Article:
Iacocca ridiculed

Lee Iacocca, the former Chrysler CEO who rescued his bankrupt company in 1980 with the help of a government loan, gave a slap-dash interview to the current isssue of AARP magazine in which he urged Washington to rescue the car manufacturers and had easy answers to every malady facing the nation:
— Car workers must take lower wages. “We can’t afford to pay $50 to $75 an hour to build a car. To build anything, really.”
— Health care costs: “We save 15-20 percent by building cars in Canada because the Canadian government’s paying that 15 percent for workers’ health insurance. The United States has the most expensive health care in the world, and we don’t have the best record, whether it’s in-fant mortality or whatever. We’re just not there with the rest of the world. How long can we tolerate that?”
— Energy costs: “I want an electric grid I can plug my car into. And I would start looking at nuclear power again. We smashed the atom first. What happened? We turned nuclear energy over to the lawyers. The rest of the world turned it over to the engineers.”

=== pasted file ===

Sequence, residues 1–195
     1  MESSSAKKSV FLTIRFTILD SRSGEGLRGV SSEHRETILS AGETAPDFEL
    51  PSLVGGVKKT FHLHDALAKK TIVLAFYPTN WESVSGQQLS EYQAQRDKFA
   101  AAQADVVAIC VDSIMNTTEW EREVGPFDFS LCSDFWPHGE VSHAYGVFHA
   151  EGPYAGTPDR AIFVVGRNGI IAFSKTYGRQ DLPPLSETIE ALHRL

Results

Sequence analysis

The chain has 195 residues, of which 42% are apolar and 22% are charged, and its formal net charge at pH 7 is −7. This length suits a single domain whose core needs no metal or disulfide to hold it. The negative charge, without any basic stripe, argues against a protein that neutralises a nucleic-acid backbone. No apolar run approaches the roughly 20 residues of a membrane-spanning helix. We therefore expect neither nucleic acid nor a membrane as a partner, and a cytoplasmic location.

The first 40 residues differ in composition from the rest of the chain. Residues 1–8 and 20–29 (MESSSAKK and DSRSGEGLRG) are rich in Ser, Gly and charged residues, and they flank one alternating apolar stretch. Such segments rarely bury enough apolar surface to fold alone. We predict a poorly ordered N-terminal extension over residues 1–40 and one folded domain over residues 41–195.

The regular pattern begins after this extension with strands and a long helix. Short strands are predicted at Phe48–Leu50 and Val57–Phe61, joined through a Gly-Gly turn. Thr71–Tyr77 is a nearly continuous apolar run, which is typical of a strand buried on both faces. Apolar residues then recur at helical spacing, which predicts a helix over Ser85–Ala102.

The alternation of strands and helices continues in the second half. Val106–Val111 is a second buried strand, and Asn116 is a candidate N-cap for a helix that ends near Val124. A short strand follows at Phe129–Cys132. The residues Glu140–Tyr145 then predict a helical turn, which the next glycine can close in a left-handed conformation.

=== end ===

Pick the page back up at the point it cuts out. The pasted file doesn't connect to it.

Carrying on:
— The financial meltdown: “We’re drowning in debt, but our public servants are always talking about a free lunch. Nobody’s asked us to do anything but enjoy life. But think of it, just in November, 500,000 unemployed. It’s a critical time in this country.”
— What to do? “If I were president, I’d tackle jobs, health care and education. Take care of the young people. On math scores we’re at number 32 in the world. That bodes ill for the future.”

MR. IACOCCA probably thinks in much greater detail than re-porter James D. Scurlock let his readers study. It is to be hoped that he also is much more humble and much less certain that he knows the remedies to today’s collapse.
The editors of AARP’s magazine did their readers no favor by letting Iacocca tell them that any of the issues he named and solved in 25 words or less are that simple. To the contrary, the article made Chrysler’s erstwhile hero look like a simpleton while it encouraged AARPers to think that bumper-sticker argument is good for anything but hiding dings in bumpers.

— Emerson Lynn, jr.